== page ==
Now, Peggy claims she knows how to get in, and has told Victor she can steal a sample of the secret biotoxin held there if he pays her a million dollars. Victor wants to be sure she can get in, before paying. She wants to prove her claim is true, but without giving anything more away, and certainly not by showing him how she does it, or giving him the toxin. She doesn’t even want him to have any hard evidence he could use to convince others that she can get in, as then he could use it against her. How does she do it?

“I can get in”

A floor plan of a top secret lab
                        Plan of top secret lab.

She needs a Zero knowledge proof of her claim “I can get in”! Here is one way. Victor waits in the foyer, unable to see the corridor. Peggy goes to the fork, and chooses a branch to go down then waits at the door. Victor then goes to the fork, unable to see where she is but able to see both exit routes. He then chooses an exit corridor at random and tells Peggy to appear there. Peggy does, passing through the lab if need be.

If they do this enough times, with Victor choosing at random which side she should appear, then he can be strongly certain that she really does know how to get in. After all, that is the only way to appear at the other side. More to the point, he still cannot get in himself and even if he records everything he sees, he would have no way to convince anyone else that Peggy can get in. Even if he videod everything he saw, that would not be convincing proof. A video showing Peggy appearing from the correct corridor would be easy to fake. Peggy has shown she can get into the room, but without giving up the secret of how, or giving Victor a way to prove she can do it to anyone else.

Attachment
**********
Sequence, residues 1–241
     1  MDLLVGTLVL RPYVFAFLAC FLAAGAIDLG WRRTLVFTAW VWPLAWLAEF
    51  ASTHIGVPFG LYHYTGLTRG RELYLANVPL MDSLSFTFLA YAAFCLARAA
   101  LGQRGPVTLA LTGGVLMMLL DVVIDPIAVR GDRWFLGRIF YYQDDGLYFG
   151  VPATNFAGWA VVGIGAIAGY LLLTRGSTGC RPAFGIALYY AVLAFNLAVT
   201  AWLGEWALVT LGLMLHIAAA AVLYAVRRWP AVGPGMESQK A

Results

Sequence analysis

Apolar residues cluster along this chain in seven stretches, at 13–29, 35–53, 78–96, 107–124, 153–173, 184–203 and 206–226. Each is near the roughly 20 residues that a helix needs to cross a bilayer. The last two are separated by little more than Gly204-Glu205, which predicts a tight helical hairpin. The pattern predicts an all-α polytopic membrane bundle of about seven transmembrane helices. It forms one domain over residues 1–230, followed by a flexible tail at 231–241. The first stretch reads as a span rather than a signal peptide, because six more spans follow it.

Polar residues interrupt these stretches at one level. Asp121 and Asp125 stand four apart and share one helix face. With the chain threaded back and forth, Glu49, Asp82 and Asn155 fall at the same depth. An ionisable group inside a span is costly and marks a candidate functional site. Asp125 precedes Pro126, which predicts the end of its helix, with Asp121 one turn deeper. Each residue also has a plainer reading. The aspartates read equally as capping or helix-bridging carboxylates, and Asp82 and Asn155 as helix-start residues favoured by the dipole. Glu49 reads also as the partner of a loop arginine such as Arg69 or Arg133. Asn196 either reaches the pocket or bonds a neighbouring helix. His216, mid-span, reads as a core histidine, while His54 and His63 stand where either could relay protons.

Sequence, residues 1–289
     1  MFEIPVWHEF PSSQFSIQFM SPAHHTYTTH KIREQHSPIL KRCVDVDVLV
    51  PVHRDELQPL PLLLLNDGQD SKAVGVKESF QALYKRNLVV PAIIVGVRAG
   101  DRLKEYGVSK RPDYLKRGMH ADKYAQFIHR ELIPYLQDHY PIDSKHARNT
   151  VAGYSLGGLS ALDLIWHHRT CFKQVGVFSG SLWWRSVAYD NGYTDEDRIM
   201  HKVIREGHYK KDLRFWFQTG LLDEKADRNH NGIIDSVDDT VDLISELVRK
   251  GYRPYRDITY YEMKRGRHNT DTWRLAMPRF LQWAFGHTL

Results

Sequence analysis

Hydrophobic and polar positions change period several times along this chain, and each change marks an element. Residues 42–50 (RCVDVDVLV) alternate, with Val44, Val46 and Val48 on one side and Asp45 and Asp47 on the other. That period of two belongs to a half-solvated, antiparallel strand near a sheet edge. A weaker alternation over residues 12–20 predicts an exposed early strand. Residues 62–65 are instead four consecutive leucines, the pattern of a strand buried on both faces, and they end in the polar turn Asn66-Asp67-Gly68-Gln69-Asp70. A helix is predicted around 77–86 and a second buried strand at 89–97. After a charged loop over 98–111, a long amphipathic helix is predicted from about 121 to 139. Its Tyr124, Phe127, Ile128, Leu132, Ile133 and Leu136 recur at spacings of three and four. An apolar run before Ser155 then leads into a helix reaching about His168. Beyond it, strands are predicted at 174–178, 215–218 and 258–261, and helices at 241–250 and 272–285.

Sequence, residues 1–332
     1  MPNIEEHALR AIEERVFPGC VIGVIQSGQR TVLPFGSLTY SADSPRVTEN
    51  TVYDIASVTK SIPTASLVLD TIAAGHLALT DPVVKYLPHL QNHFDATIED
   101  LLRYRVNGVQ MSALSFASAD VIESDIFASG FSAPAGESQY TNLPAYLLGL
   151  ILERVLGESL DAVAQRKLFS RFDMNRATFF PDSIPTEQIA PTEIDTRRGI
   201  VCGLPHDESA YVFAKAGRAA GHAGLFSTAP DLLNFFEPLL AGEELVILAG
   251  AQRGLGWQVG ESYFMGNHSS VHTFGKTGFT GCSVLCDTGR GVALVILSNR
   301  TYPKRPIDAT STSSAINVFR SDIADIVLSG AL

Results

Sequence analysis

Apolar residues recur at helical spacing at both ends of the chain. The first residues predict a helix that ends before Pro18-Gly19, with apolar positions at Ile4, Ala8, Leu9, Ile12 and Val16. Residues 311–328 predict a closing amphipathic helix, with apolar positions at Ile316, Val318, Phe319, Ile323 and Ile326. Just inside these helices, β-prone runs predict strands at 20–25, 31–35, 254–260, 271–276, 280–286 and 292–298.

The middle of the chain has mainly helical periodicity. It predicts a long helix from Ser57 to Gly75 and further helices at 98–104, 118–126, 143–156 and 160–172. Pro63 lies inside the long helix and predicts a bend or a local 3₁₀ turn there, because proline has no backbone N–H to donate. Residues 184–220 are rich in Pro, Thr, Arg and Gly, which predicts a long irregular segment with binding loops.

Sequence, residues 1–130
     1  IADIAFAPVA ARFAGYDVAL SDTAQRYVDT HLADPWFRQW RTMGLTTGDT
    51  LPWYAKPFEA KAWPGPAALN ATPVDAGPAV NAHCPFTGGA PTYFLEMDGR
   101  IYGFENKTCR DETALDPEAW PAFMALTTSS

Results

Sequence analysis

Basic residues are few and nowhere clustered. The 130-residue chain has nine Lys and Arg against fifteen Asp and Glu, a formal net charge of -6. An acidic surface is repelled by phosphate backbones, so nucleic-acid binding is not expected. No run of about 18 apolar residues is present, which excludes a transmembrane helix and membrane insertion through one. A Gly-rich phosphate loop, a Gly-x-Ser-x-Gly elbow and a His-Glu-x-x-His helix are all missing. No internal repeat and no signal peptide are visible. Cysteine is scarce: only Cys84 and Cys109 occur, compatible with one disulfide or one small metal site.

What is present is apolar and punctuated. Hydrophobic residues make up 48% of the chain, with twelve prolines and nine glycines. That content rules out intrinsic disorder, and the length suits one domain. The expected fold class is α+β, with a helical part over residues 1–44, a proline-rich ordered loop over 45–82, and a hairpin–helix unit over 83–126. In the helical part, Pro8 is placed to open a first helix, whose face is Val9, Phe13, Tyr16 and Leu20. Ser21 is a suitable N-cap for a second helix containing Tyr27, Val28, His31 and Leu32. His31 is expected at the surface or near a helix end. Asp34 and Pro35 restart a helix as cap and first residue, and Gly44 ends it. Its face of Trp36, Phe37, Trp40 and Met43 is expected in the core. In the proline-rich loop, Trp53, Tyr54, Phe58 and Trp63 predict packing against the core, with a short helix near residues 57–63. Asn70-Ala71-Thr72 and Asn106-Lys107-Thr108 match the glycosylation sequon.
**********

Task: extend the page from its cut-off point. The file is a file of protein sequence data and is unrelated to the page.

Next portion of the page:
So, strange as it seems, it is possible to prove you know a secret without giving anything more away about the secret. Thanks to Shafi and her co-researchers the idea is now a core part of computer security.


This article was first published on CS4FN and a copy can also be found on pages 4-5 in ‘Keep Out’ – Issue 24 of CS4FN magazine, on Cyber Security and Privacy (you can download the full magazine free as a PDF here).

All of our material is free to download from: